Baptiste Grard To complete our overview of urban agriculture, we can also mention indoor farming, which is split into two categories since it can be either low tech or high tech. An example of such farms is “La Boîte à Champignons,” which aims to grow mushrooms using coffee grounds in containers or basements. You can also find shade vegetables such as endives (for instance the project cycloponics) or farms where production takes place in a totally controlled environment, for example, strawberries in containers at Agricool.

Christine Aubry In the case of indoor farming, it is also interesting to note that in France, some urban farmers gear their production to the cosmetic market, or even pharmacology, rather than towards local food distribution.

Baptiste Grard All in all, what we can say is that one of the determining factors in the different forms taken by farming in the urban environment are constraints, specifically spatial constraints. The history and evolution of urban agriculture is really the story of adaption to the scarcity of useable and affordable space.

Christine Aubry That is true. And it was the starting point for the research project T4P, which is one of the projects structuring our research team. In 2011-2012, we observed in Paris a rising demand for associative gardens, which suffered from the lack of space at ground level. From this observation, came our idea of climbing onto rooftops to install gardens! You are now managing this project and have supervised its activities a few times!

Baptiste Grard Indeed, I have had the opportunity of overseeing this project since 2013. The project has developed over the years, starting with a first explorative phase aiming at testing different types of soil solely based on waste from the city, then to a more scientific phase, in particular through my doctoral dissertation. My PhD had two goals: First, the study of “constructed soils” (made only of urban waste) and secondly their environmental functions.

Christine Aubry Perhaps we need to explain why we chose to use only urban waste as soil. First, we wanted to be in a circular economy at the scale of the city in order to valorize products that are nowadays considered as waste and either burned or buried. And secondly, we wanted to avoid the use of natural soil. We indeed would be well-advised to do so because of the energy cost of transporting soil to the city, as well as the ethical cost since that would mean removing soil from agricultural areas to transport it to the city! Finally, we wanted to limit the load on the roof as organic waste/product is much lighter than natural earth.

Baptiste Grard Thanks for this complementary explanation. Indeed, the use of the city’s byproducts is the major constraint that we have had in our experiment. Looking at results, the first phase has allowed us to prove that important levels of food production could be achieved with this type of constructed soil. This high level of production is also associated with a low level of food contamination regarding trace metal element (Grard et al. 2015). Contamination was and still is an important concern for urban agriculture projects. After completing this first phase, we have strengthened our results regarding levels of food production and contamination thanks to the diversification of cultivated plants in terms of association and rotation. For instance, we may grow lettuce at the same time as we grow tomatoes and basil, in effect moving from a situation of monoculture to five or six different cultivars a year. Our work has also shown the multi-functionality of this type of roofs with regard to their environmental function (Grard et al. 2018). In fact, not only are they able to produce food, but they also retain water -preventing it from running off into the urban environment-, store carbon, valorize waste and potentially support biodiversity. (Joimel et al. 2018). Beyond these results, my dissertation, as well as other research projects (such as the research project SITERRE) have shown that soils (constructed or not) play a key role in influencing directly and indirectly the nature and the intensity of delivered ecosystem services, which represent the benefits that humans can draw from the environment. It was also shown that the composition of a constructed soil is a balance between plant needs (that we want to satisfy) and ecosystem services (that we expect from this kind of green infrastructure). As an illustration, when I studied Technosols (i.e.: constructed soil) in my dissertation, it was shown that high levels of production could be linked to a leaching of certain elements into the water as they are not retained by Technosols. This observation revealed a potential degradation in water quality resulting from this type of green roof. This should be a point of focus for future research:  Yes, we can create Technosols by using only urban waste, but we need to further work on an equilibrium in Technosols composition regarding the different functions expected. So, now that I have given the details of the main results of the experimentation (that you can find on a dedicated website), could you tell us about future research topics on the roof?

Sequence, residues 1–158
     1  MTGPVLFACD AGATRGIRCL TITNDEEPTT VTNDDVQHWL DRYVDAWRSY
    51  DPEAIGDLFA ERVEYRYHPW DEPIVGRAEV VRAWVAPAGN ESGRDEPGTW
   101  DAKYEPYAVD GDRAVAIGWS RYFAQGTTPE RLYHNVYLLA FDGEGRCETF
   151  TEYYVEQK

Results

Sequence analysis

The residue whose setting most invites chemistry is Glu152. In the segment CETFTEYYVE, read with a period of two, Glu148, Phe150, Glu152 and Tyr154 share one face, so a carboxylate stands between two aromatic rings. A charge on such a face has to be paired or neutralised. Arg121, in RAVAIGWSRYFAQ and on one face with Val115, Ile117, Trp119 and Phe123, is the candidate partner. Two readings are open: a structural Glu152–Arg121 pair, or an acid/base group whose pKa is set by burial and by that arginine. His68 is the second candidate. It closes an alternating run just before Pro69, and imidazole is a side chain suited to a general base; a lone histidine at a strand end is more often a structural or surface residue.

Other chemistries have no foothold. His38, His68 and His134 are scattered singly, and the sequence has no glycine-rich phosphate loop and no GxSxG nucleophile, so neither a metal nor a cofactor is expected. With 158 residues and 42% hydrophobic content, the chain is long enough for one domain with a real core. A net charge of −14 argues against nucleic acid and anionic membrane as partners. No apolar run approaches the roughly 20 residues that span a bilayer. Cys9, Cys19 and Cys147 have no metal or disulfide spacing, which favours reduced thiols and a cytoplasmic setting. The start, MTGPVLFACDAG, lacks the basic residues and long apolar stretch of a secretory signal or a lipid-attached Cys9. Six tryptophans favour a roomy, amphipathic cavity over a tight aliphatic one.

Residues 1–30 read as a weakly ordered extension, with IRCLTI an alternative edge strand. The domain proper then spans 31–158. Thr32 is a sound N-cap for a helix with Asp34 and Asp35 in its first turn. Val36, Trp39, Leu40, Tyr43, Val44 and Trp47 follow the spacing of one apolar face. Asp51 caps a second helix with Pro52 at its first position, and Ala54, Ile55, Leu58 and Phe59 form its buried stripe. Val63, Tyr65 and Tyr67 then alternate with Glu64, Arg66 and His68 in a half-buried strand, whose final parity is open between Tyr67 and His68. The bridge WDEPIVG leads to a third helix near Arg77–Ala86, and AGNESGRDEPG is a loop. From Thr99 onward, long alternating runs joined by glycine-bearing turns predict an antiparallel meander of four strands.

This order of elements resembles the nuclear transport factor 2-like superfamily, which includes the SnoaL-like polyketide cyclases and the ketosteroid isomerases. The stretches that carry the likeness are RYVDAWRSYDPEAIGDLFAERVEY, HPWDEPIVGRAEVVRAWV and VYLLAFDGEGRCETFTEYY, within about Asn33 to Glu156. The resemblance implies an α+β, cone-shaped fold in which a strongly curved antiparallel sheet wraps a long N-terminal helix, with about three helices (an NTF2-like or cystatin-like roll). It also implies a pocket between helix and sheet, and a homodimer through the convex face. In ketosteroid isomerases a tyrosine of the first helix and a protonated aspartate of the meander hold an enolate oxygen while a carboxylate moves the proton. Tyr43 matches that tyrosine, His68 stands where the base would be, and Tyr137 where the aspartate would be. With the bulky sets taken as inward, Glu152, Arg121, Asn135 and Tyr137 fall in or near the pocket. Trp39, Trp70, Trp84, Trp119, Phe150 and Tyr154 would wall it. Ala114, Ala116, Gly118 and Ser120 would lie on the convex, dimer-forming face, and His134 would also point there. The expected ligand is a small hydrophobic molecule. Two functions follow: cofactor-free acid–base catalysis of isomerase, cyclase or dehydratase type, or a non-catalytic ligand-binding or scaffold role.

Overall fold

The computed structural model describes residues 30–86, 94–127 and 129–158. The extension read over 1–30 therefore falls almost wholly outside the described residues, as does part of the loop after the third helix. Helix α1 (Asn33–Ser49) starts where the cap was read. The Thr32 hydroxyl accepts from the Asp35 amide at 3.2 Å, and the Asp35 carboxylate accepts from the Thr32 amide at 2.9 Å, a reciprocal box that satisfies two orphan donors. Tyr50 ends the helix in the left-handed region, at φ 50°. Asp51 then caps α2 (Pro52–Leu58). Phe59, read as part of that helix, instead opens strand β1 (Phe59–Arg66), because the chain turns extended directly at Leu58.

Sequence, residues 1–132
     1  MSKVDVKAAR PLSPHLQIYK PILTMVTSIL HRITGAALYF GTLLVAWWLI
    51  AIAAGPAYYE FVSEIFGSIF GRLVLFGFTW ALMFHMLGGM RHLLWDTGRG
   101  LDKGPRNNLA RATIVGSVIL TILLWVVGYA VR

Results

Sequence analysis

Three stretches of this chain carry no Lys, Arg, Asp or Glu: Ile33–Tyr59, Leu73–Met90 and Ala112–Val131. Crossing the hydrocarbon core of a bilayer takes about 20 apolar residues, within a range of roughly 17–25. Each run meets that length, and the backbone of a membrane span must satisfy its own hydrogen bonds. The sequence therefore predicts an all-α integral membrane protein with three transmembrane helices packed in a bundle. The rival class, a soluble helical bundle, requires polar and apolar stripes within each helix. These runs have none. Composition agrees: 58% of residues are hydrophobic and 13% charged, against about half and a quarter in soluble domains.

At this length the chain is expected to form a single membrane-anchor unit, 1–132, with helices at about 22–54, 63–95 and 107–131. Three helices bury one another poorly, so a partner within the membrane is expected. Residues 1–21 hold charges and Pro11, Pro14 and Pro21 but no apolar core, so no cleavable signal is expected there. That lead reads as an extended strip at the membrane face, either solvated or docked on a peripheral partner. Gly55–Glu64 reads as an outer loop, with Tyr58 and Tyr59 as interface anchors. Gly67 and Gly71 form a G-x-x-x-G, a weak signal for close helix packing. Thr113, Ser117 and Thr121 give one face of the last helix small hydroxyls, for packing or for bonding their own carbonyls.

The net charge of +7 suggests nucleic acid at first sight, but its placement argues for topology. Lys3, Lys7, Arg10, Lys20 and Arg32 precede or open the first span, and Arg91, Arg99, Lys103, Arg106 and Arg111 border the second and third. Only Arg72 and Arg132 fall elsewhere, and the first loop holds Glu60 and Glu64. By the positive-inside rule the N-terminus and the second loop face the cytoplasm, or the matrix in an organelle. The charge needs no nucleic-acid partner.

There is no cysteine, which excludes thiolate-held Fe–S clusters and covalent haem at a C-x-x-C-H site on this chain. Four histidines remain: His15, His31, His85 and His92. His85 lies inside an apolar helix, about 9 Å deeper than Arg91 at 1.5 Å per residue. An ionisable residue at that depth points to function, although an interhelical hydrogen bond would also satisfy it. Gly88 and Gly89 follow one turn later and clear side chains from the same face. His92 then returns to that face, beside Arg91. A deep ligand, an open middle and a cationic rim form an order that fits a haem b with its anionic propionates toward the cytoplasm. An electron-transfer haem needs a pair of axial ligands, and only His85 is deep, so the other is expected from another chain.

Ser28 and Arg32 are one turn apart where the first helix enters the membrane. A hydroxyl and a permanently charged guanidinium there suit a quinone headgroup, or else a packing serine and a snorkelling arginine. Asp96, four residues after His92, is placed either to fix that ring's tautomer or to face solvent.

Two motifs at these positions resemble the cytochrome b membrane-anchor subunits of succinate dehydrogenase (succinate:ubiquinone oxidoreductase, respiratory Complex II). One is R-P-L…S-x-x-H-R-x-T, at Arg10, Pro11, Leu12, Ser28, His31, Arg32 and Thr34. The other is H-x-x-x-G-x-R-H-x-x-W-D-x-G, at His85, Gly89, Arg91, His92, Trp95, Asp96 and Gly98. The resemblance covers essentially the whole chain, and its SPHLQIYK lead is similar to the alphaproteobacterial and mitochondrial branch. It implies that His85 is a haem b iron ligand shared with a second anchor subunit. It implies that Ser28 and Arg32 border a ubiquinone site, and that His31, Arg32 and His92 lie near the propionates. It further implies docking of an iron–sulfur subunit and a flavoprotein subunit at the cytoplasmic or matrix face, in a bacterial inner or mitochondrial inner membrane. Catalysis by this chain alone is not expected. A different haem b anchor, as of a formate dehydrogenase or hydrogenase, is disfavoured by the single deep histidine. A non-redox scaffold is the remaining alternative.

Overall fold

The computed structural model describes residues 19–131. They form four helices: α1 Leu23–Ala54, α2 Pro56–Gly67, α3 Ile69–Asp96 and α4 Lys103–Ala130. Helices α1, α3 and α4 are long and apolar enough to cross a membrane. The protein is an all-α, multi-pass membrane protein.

Christine Aubry With pleasure. At the end of the year, we will start a new experimentation phase in the research project. We cross our fingers to be able to fund it! Nevertheless, we have no lack of enthusiasm or ideas. We want to develop three research axes: The first one will be around the thermal impact of green roofs (whether productive of biomass or not). Initial measurements have already been made but we need to investigate further as there is a lack of direct measurements in this domain. Secondly, we want to test new urban organic waste.